All Is Bright
Director : Phil Morrison
Screenplay : Melissa James Gibson
MPAA Rating : R
Year of Release : 2013
Stars : Paul Giamatti (Dennis), Paul Rudd (Rene), Sally Hawkins (Olga), Amy Landecker (Therese), Tatyana Richaud (Michi), Adam Phillips (Antoine), Michael Drayer (Bobby), Colman Domingo (Nzomo), Halley Feiffer (Claire), Nikki M. James (Betsy), Gordon Joseph Weiss (Blind Guy)
One of the late Roger Ebert’s greatest contributions to film criticism was his “Stanton-Walsh Rule,” which proclaimed that “no movie featuring either Harry Dean Stanton or M. Emmet Walsh in a supporting role can be altogether bad.” I feel the same way about Paul Giamatti in either a supporting or a lead role, and I offer All Is Bright as a prime example of a relatively lackluster dark comedy that is elevated several notches by Giamatti’s cantankerous presence as Dennis, a recently paroled career thief who discovers that his bitter ex-wife Therese (Amy Landecker) has told their young daughter that he died (painfully) of cancer and is now involved with his former, now-straight partner, Rene (Paul Rudd). The plot revolves around Dennis forcing his way into Rene’s latest money-earning scheme, which involves purchasing a truckload of Christmas trees in their native Quebec and then selling them on the streets of New York City.
With his brushy, unkempt beard, sad-sack eyes, and perpetual slouch, Giamatti’s Dennis fits neatly into the actor’s long line of fringe-dwelling characters who various obsessions, insecurities, and fits of anger that keep them perpetually separated from those around them. Giamatti has a special way of making misanthropy and depression both endearing and biting, and Dennis represents a particularly angry subset of his stock characterization. The film’s funniest moments tend to involve his wild-eyed response to an insult or indignity (either real or imagined), especially when Therese informs him through the kitchen widow via a notepad that their daughter thinks he’s dead. It’s a morose narrative turn of events, but Giamatti’s blistering response—“Why!?!?—cuts through the surface morbidity and plumbs darkly humorous depths that probably only he could pull off. He and Rudd make an interesting, albeit not entirely effective, comic duo, as Rudd plays up his character’s genial sense of dim-bulbery while Giamatti glowers, paces, and worries.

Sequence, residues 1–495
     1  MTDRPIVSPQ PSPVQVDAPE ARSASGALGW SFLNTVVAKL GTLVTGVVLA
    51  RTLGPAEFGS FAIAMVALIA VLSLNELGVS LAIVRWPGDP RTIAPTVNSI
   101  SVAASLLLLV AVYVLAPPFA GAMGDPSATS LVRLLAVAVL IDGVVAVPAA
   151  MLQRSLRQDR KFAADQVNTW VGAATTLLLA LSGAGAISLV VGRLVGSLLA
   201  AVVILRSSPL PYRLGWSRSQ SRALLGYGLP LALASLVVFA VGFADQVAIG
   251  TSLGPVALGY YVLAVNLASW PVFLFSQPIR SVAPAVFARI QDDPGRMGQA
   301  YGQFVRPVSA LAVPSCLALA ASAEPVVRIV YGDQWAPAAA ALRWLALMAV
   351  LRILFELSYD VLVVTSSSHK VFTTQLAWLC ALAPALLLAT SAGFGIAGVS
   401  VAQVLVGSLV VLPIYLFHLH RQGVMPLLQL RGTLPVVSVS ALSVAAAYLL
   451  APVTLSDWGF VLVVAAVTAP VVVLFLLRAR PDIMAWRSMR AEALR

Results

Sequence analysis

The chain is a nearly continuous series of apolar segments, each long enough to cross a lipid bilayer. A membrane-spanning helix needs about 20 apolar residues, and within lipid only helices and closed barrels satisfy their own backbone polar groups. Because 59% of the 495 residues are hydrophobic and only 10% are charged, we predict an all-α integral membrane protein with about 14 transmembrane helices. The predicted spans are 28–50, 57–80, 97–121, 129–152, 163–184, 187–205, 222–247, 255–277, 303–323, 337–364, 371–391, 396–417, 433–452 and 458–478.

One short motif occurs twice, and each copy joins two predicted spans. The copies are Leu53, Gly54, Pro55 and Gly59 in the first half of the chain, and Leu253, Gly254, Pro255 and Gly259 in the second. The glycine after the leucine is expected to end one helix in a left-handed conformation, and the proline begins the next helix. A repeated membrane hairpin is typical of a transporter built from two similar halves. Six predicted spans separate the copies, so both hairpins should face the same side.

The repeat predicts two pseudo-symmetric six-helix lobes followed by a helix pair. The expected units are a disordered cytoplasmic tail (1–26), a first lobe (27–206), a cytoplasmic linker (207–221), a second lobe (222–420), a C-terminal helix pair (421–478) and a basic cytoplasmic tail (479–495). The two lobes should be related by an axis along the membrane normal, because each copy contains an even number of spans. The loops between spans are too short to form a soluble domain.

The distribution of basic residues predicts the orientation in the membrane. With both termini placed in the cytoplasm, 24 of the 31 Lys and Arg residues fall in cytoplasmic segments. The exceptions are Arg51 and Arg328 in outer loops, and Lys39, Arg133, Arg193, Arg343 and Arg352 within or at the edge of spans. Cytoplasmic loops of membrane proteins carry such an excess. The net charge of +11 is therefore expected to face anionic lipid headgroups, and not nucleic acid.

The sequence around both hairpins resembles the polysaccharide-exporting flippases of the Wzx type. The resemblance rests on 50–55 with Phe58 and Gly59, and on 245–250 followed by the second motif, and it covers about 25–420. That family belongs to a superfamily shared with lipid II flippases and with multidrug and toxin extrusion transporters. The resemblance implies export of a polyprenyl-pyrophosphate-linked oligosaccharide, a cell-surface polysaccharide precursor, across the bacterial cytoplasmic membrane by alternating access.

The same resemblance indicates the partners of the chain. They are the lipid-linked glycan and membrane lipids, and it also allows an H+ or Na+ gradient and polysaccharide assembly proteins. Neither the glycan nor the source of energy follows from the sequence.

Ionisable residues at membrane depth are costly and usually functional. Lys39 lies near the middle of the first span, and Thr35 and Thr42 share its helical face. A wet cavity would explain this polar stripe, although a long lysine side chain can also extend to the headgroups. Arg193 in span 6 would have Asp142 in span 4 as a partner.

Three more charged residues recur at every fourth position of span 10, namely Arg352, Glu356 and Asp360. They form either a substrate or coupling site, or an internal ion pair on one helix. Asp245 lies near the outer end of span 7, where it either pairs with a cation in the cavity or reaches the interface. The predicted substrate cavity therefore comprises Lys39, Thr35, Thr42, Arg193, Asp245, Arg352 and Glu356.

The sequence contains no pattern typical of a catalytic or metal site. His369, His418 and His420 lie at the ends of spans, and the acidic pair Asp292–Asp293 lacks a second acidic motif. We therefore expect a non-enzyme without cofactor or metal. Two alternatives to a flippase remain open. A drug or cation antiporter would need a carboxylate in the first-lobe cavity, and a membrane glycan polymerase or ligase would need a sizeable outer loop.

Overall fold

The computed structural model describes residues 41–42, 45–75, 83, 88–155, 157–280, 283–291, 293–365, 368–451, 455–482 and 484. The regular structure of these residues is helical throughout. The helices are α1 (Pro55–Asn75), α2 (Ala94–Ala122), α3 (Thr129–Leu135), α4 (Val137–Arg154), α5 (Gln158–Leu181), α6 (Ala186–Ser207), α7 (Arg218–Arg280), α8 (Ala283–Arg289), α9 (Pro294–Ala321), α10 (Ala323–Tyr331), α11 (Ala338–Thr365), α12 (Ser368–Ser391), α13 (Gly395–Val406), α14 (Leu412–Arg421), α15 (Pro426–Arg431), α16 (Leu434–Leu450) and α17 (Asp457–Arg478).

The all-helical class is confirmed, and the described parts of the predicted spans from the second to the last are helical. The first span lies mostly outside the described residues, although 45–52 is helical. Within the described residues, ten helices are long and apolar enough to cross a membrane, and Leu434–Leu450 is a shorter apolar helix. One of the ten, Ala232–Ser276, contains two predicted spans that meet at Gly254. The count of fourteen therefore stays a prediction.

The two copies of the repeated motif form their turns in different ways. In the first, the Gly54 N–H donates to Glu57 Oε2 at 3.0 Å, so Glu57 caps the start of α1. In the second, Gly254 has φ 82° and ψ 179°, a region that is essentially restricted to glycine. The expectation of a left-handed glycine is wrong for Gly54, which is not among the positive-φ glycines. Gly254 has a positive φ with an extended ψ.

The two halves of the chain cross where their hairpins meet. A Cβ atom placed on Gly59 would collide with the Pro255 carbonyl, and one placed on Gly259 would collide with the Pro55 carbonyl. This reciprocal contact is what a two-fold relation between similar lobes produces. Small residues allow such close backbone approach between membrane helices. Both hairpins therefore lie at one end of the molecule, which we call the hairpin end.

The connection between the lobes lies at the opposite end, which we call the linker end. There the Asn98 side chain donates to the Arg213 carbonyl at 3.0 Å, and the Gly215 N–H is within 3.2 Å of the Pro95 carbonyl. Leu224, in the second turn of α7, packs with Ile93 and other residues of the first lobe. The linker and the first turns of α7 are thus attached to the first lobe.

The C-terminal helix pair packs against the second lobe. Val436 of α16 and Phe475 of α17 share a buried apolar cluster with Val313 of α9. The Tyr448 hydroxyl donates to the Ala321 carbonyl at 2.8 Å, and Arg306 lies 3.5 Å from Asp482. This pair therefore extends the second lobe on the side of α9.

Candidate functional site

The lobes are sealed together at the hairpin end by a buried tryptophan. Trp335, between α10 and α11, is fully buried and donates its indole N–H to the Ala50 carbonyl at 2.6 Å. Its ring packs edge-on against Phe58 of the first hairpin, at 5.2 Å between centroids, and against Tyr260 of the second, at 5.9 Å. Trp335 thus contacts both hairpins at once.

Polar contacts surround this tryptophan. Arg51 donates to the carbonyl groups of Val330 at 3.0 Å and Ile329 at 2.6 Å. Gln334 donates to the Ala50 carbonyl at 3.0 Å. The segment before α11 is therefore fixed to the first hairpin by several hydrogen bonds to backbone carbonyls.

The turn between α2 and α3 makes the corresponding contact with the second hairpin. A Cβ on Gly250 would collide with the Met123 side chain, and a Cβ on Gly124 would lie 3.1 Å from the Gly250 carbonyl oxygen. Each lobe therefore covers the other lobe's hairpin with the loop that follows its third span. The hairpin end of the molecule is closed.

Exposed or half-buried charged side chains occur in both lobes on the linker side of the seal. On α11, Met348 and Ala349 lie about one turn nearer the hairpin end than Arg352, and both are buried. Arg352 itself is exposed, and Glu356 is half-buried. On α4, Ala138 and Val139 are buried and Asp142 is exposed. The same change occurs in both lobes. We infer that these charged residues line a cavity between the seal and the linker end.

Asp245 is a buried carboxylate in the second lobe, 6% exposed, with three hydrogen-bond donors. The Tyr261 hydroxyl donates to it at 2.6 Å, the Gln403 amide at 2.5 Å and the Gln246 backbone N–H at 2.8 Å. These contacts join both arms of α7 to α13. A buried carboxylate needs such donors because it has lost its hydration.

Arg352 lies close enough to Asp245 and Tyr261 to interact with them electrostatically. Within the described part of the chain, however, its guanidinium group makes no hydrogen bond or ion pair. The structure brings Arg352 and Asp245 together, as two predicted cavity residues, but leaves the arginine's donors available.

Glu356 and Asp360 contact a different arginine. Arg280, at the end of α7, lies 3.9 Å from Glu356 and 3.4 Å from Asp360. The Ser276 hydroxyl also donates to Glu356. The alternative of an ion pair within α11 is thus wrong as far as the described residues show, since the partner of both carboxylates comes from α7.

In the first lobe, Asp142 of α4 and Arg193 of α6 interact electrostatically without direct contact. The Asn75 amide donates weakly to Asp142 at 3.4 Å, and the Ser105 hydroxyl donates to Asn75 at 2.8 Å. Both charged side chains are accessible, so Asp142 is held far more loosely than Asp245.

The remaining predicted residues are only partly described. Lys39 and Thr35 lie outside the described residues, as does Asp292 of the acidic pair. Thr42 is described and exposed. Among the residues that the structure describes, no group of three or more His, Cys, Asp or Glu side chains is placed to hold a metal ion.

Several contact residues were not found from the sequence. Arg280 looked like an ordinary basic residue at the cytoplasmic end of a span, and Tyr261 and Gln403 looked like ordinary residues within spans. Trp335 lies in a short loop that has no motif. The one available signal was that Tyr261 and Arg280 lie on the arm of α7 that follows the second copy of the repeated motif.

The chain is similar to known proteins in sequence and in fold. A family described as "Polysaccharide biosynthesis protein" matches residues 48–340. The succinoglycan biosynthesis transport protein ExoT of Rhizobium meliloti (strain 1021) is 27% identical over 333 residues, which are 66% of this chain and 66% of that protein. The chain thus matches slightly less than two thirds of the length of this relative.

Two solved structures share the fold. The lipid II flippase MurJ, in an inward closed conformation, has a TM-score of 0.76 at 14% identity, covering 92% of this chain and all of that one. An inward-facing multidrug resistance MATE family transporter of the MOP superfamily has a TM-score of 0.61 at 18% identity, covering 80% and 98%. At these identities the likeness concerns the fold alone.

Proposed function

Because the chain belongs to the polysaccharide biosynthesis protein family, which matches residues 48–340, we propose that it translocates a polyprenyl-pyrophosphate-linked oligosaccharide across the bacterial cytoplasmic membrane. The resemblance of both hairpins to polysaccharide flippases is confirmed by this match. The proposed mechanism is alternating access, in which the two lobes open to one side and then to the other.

Ironically, though, it is not just Giamatti that keeps All is Bright from sinking into mediocrity, as the film is arguably stolen time and again by Sally Hawkins (Happy-Go-Lucky), who plays a Olga, a rough-edged Russian maid who befriends Dennis for reasons fathomable only to her. With a thick accent and an endearingly awkward sense of physicality, Hawkins makes Olga into a truly unique character whose generosity and sense of purpose seem to derive from a life of hard living; she recognizes desperation when she sees it, which is perhaps why she takes pity on Dennis and helps him.
Director Phil Morrison (Junebug) manages to dig up a few laughs from the otherwise bleak material (contrary to the purposefully ironic title, all is definitely not bright), but the script by Melissa James Gibson seems stuck in neutral, setting up a potentially interesting situation and then doing not that much with it. If the idea of two characters on a dingy New York street corner feuding and selling Christmas trees is your idea of a good time, All is Bright will probably hold some appeal for you, especially if you recognize that the film would be that much less without Giamatti in it.
Copyright ©2013 James Kendrick
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